About This Ribbit PWA Test

Thursday, August 17, 2023

Install the Web App

This test Ribbit PWA Test is available at ribbit-pwa-test.K0OZK.com.

If you're using a compatible browser, you should see an install icon in the browser address bar or a prompt at the bottom of your mobile screen. It's very likely we'll find problems with this test PWA. I did only minimal wrapping of Ahmet Inan's Example 3 JS code. (I just noticed that in Airplane Mode, hitting Refresh will break the installed app. I'm sure that I just need to configure the Service Worker correctly.)


I've published this basic Progressive Web Application using Example 3 from Ahmet Inan's 2019 Digital Signal Processing Library/Web Assembly work.

This basic app will allow us to test the PWA, DSP, WASM, and access to audio and GPS on various devices to see if pursuing a device-agnostic/single codebase PWA could be beneficial. I've tested the PWA on Windows and Android 11. It should work on all PWA and Web Assembly-compliant browsers. It should be "installable" on those devices as well.

Why PWA?

In addition to watching all available presentations on Ribbit, I read the emails archived in the ORI mailing lists. Josh Datko raised the issue of a PWA in the July discussion. I think a PWA will speed up development and adoption. It'll also allow us to deploy Windows/Mac/Linux support at the same time as mobile. There'd be no need for device-specific apps. No app store. The PWA should run–and be installable–on IOS, Android, Windows, Mac, Chrome, Linux, Arduino?—virtually anything with a browser that supports the necessary features.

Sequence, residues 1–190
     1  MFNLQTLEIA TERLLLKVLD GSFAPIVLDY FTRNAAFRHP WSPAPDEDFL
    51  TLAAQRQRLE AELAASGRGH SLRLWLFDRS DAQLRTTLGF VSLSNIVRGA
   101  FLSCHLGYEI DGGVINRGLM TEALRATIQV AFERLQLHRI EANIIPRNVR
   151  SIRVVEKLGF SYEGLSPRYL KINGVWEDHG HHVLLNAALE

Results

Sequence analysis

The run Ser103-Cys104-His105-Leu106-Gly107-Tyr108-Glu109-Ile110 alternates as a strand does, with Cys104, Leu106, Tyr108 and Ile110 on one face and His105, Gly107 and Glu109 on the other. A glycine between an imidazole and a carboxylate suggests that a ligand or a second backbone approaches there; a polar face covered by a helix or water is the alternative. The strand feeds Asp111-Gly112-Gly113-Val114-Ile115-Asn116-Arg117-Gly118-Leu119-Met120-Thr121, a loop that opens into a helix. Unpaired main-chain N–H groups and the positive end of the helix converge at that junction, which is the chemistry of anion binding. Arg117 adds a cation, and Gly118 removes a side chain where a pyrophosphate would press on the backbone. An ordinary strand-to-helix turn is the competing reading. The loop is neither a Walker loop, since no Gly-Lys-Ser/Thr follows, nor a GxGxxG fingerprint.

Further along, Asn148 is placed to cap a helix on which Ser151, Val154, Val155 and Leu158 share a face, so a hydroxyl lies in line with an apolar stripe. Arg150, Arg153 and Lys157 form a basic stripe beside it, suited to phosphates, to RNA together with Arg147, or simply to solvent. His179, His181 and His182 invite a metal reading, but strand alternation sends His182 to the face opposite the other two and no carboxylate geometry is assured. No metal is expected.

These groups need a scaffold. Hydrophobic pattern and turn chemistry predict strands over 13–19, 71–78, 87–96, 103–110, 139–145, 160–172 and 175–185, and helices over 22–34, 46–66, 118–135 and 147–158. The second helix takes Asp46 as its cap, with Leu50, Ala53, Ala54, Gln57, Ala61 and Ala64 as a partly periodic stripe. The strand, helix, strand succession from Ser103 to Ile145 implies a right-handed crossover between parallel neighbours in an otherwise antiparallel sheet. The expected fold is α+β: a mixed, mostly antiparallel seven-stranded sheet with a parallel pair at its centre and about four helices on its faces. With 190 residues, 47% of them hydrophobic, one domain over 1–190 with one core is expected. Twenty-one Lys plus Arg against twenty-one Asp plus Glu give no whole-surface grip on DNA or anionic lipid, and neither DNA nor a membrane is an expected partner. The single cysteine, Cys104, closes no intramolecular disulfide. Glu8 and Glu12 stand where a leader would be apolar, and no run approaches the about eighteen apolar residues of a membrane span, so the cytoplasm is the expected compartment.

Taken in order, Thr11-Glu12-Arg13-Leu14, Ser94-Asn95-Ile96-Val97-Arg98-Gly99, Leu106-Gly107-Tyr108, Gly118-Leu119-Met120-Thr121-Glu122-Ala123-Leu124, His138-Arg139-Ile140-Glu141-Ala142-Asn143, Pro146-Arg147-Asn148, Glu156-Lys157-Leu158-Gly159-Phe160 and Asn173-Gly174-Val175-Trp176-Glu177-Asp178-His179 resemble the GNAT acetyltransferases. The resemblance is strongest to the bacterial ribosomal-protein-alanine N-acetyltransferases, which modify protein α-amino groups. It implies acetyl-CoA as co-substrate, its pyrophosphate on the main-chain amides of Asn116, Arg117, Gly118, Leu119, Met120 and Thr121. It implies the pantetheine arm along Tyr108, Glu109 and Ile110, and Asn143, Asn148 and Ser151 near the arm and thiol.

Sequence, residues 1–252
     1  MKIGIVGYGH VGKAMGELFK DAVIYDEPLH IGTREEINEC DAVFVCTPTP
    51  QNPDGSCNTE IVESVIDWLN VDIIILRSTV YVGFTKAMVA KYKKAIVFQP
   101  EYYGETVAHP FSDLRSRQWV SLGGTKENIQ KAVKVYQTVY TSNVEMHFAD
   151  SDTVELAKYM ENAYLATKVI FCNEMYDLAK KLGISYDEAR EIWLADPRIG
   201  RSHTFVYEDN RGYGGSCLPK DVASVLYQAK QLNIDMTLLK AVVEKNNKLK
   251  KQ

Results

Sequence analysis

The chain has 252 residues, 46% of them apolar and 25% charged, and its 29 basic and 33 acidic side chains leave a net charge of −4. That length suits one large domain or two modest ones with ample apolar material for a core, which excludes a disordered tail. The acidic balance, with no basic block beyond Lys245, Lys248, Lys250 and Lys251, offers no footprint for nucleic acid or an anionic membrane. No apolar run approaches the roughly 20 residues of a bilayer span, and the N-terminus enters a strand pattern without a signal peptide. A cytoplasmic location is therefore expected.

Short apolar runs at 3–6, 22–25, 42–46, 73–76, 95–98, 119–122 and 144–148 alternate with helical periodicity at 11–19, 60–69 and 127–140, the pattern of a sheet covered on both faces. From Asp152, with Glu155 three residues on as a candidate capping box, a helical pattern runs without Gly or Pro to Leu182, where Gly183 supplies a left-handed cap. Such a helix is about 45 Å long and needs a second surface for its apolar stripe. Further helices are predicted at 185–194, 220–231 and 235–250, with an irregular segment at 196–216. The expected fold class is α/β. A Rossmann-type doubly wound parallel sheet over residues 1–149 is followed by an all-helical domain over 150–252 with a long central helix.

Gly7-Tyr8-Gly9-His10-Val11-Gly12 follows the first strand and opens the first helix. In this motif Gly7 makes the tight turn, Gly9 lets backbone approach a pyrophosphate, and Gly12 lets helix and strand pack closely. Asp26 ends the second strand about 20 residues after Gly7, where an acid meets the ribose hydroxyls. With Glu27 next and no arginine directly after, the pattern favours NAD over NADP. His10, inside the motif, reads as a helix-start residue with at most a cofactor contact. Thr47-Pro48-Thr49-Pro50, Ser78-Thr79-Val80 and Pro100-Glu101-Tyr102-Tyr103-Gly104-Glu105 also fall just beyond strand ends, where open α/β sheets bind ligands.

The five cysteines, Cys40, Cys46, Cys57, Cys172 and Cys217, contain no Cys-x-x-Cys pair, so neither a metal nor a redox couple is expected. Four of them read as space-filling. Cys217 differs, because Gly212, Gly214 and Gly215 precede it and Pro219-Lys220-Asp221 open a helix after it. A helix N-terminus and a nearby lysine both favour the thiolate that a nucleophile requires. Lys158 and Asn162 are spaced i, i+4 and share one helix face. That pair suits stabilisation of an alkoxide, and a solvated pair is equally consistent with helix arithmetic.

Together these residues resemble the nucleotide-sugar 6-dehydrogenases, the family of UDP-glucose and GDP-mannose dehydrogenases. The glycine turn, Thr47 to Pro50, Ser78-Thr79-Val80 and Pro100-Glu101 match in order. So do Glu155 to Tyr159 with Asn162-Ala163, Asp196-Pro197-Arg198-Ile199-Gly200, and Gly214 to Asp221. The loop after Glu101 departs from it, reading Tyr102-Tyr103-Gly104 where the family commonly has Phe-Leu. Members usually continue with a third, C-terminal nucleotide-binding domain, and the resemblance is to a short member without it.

In an Emergency Situation

No Internet. The App Store and Play Store are inaccessible. No one can use Ribbit if they've not already installed it.

But a PWA could be distributed via an ad-hoc web server at the EOC or even one running on your smartphone.


No internet. I join your phone's hotspot. I scan the QR code on your phone. My browser loads the Ribbit PWA and asks if I want to install it. Of course! Then I turn on my hotspot and offer the PWA to the next ham. I think this could be done.

Development and Deployment

This test PWA is set up with CI/CD. The latest release is built and deployed to the production site within a couple minutes of code being pushed to the repository. By using Pull Requests, a preview website is automatically created. We can use the preview to test and approve the latest release. Then, with one click, we release the latest awesomeness.

Update the App on All Your Devices

No need to reinstall the app. My experience is that if you right-click/refresh or close/open the app, your device is instantly updated to the latest release. This is not simply "a cached webpage." This is a full-blown installed application on par with every other app. When properly configured, it should continue to run without Internet access indefinitely. And we can add message caching so they'll be uploaded once the Internet is accessible.

Under the Hood

Public Repository for this PWA.

This PWA is built using Nuxt3/VueJs3 with its Content module (see the simple blog pages), and Bulma CSS/SASS. It's currently hosted on my paid Netlify account. Netlify offers free accounts that should support the Ribbit development and full deployment.

How I Discovered Ribbit

Just this past weekend, I came across the Ribbit presentation in the RATPAC videos and have watched "every" Ribbit video and tried out the Android Rattlegram app. Awesome! Great work on the concept, algorithm, and app. Great presentations! I decided to try Ahmet Inan's DSP functions in a PWA to see if it's a viable concept. I've worked with Web Audio API, but never combined C++ and Javascript to get Web Assembly apps. This is my first real attempt at a PWA, so I'm sure there are a lot of things to be enhanced.


I'm a software engineer -- full-stack, back-end, and cloud. And I'm an Extra Class Amateur (without much actual radio experience other than 2m).

Rich Clingman, K0OZK
Ozark, Missouri, USA